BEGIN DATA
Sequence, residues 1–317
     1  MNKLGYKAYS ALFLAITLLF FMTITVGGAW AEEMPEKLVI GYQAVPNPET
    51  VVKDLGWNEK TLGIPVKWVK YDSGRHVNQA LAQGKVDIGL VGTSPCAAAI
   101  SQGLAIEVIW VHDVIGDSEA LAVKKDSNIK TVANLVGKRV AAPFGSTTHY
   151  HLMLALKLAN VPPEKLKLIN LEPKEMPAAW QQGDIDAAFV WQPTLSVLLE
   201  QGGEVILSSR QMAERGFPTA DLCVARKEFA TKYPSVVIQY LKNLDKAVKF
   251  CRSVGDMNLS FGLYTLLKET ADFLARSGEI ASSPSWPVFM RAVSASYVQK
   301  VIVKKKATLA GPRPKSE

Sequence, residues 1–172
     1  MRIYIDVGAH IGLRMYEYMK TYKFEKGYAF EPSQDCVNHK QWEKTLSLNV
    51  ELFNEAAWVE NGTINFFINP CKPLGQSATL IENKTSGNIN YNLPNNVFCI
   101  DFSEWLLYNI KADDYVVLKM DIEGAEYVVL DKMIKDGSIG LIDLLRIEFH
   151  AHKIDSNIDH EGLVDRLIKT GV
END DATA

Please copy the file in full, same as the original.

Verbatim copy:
Sequence, residues 1–317
     1  MNKLGYKAYS ALFLAITLLF FMTITVGGAW AEEMPEKLVI GYQAVPNPET
    51  VVKDLGWNEK TLGIPVKWVK YDSGRHVNQA LAQGKVDIGL VGTSPCAAAI
   101  SQGLAIEVIW VHDVIGDSEA LAVKKDSNIK TVANLVGKRV AAPFGSTTHY
   151  HLMLALKLAN VPPEKLKLIN LEPKEMPAAW QQGDIDAAFV WQPTLSVLLE
   201  QGGEVILSSR QMAERGFPTA DLCVARKEFA TKYPSVVIQY LKNLDKAVKF
   251  CRSVGDMNLS FGLYTLLKET ADFLARSGEI ASSPSWPVFM RAVSASYVQK
   301  VIVKKKATLA GPRPKSE

Sequence, residues 1–172
     1  MRIYIDVGAH IGLRMYEYMK TYKFEKGYAF EPSQDCVNHK QWEKTLSLNV
    51  ELFNEAAWVE NGTINFFINP CKPLGQSATL IENKTSGNIN YNLPNNVFCI
   101  DFSEWLLYNI KADDYVVLKM DIEGAEYVVL DKMIKDGSIG LIDLLRIEFH
   151  AHKIDSNIDH EGLVDRLIKT GV